Before the advent of today’s sports media, where everyone has an opinion and there are shows dedicated to giving unadulterated takes on every sports topic, Vecsey was asked by NBC in the 1990s to give an insider’s take on the league. He had the responsibility of not only building relationships with the league’s stars, but honestly assessing their play and actions as his job.
“Julius was the best man at my wedding; I knocked Julius when he held out with the Nets and I wrote it,” Vecsey said. “When [Bird] turned against Chris Ford and he was giving the coaches a hard time, I wrote a column about that. It was pretty heavy. I handled it, I think it was the absolute reason I was successful, if you were the 12th man or the first man, I would treat them the same way. I couldn’t spare anybody’s feelings. But I was also very positive about things that happened, too.
“The league changed when they would have a PR guy with a tape recorder following me around and then it was no longer useful.”
When asked what he thinks of today’s NBA broadcasts, Vecsey is not a big fan. He said there aren’t enough one-on-one interviews and insight. Instead, he said, coverage is mostly a bunch of former players discussing a few plays in the game the audience just watched.
“I’m sorry the network wasn’t smart enough to do what NBC did to put me out to do interviews,” he said. “Instead, all they did is BS, they go over a few plays in the game we’re watching? What the hell is that? There’s no content whatsoever. After every telecast [during his time with the Turner Network], Ernie Johnson would thank me for bringing it, thanks for the homework. That meant a lot to me because Ernie, I respect the heck out of him. I can’t watch it anymore. I gave up.”
Vecsey said he receives his share of adulation in today’s social media from fans who were mere infants when he was working for NBC.
“I always felt appreciated,” he said. “I felt the fans really respected me and my paper absolutely respected me. I loved working at the Post. I had a great run.”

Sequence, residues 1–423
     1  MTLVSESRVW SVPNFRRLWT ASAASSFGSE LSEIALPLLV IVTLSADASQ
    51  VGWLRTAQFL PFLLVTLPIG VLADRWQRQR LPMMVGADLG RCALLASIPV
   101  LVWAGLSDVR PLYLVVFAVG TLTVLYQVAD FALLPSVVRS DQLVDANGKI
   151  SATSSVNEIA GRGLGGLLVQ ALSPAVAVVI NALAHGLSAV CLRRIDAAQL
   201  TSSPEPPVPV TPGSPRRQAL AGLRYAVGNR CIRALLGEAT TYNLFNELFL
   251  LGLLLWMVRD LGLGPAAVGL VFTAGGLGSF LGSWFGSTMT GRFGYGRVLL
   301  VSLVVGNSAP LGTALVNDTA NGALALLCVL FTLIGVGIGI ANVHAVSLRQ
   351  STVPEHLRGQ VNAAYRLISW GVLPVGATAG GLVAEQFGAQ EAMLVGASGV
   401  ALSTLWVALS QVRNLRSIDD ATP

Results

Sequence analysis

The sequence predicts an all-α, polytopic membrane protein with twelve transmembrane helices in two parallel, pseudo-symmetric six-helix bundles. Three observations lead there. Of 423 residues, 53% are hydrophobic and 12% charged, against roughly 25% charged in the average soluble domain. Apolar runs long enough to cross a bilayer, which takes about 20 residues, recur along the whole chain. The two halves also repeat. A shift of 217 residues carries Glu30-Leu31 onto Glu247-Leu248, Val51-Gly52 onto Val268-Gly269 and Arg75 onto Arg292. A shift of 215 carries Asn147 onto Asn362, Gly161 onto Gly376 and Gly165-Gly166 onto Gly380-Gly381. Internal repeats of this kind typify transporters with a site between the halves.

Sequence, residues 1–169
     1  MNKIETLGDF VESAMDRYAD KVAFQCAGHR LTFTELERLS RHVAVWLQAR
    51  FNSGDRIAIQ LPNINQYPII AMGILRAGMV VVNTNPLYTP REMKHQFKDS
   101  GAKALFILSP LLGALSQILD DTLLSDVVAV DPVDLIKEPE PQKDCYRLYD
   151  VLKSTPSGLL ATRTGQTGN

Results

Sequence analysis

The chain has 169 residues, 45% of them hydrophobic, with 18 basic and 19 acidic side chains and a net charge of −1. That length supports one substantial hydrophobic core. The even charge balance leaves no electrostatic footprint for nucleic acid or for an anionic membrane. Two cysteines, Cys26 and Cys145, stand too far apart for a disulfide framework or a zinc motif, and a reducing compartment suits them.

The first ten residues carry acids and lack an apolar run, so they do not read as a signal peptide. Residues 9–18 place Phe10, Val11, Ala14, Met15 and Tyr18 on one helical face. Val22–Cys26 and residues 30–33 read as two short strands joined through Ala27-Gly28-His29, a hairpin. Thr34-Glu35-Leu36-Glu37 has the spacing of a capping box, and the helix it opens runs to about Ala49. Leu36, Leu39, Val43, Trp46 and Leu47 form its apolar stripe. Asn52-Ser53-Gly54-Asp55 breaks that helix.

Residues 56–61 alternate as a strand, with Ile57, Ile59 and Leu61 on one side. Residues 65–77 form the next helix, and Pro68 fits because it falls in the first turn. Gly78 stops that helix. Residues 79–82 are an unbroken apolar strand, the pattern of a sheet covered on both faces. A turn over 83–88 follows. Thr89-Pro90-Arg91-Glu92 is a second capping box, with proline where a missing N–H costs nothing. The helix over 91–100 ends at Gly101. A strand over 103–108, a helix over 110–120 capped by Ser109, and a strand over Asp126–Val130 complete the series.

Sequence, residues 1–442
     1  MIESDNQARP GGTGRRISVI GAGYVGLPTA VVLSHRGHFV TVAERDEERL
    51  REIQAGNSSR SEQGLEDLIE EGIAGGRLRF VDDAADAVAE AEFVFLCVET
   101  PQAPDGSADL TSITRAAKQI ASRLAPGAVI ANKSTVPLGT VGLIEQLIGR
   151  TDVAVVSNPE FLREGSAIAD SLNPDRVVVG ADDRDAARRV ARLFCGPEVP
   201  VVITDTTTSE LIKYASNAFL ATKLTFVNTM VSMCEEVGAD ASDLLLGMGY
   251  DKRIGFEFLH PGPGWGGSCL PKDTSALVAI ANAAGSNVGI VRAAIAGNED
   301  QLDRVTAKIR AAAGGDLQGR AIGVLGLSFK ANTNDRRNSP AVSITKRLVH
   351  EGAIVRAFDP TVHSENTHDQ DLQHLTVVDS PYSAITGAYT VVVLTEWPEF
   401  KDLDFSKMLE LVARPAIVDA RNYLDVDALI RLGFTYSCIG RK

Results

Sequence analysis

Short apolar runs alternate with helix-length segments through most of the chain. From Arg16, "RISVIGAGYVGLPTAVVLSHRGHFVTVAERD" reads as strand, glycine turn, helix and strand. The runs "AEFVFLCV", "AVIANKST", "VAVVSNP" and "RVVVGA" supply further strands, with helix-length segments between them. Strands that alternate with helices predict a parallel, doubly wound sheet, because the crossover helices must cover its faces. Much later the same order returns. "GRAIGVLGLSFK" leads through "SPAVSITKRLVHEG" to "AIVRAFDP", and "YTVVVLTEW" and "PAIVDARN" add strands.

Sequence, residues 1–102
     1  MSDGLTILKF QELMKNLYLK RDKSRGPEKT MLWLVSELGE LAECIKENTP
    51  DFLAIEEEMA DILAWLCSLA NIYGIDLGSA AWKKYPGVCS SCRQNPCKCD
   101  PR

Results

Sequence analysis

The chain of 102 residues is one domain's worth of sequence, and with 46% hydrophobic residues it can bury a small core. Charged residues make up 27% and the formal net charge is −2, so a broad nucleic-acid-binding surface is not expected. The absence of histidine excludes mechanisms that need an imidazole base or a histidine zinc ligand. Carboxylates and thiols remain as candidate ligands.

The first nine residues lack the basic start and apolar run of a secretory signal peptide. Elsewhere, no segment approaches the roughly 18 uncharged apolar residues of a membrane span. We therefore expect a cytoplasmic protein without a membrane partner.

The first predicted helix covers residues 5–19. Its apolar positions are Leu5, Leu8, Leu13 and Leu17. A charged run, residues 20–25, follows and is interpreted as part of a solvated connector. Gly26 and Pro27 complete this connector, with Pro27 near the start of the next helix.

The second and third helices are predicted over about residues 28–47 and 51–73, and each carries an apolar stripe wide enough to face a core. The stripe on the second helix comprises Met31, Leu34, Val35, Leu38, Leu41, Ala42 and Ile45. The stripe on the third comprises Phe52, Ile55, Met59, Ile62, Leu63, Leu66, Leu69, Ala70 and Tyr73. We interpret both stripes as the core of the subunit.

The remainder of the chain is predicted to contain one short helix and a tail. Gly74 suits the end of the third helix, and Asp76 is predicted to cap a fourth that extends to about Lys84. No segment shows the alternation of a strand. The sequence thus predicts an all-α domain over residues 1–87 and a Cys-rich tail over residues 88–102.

There were several players who were nursing injuries when the season was suspended. Kevin Durant is nearly 11 months removed from his torn Achilles’, and he was expected to miss the entire season for the Nets. But what happens if the season resumes in August and he’s healthy enough to play? It seems inconceivable the Nets would bring back Durant even a bit prematurely because of the nature of his injury. If you recall, the Warriors brought back Durant from a strained calf after nearly a month off for Game 5 of the NBA Finals and he snapped his Achilles’ just 10 minutes into his return. Even with Durant, it’s highly unlikely the Nets could win a playoff round considering they’re also missing Kyrie Irving because of shoulder surgery. The 76ers were concerned two months ago that point guard Ben Simmons’s ailing back could cost him weeks and result in a lower playoff seed. But now Simmons has had ample rest and the 76ers could be at full strength. If the regular season is over and the NBA resumed with the playoffs, the 76ers would meet the Celtics in the first round. In Boston, Jaylen Brown was expected to miss time with a strained right hamstring. Two months was plenty of time for Brown to recover and he’ll resume the season healthy . . . There are NBA teams interested in Argentine point guard Facundo Campazzo, who played the last few years for Real Madrid and also has sparkled in international play. Campazzo just turned 29 and has expressed interest in playing in the NBA, but he has a $5 million-plus buyout of his contract that he personally would need to cover to sign with an NBA team. Overseas point guards have had mixed results in the NBA, from Ricky Rubio to Sergio Rodriguez to Milos Teodosic. Campazzo is 5 feet 11 inches but plays with a burst and toughness that shined in the 2016 Rio Olympics, when he matched up favorably against Irving.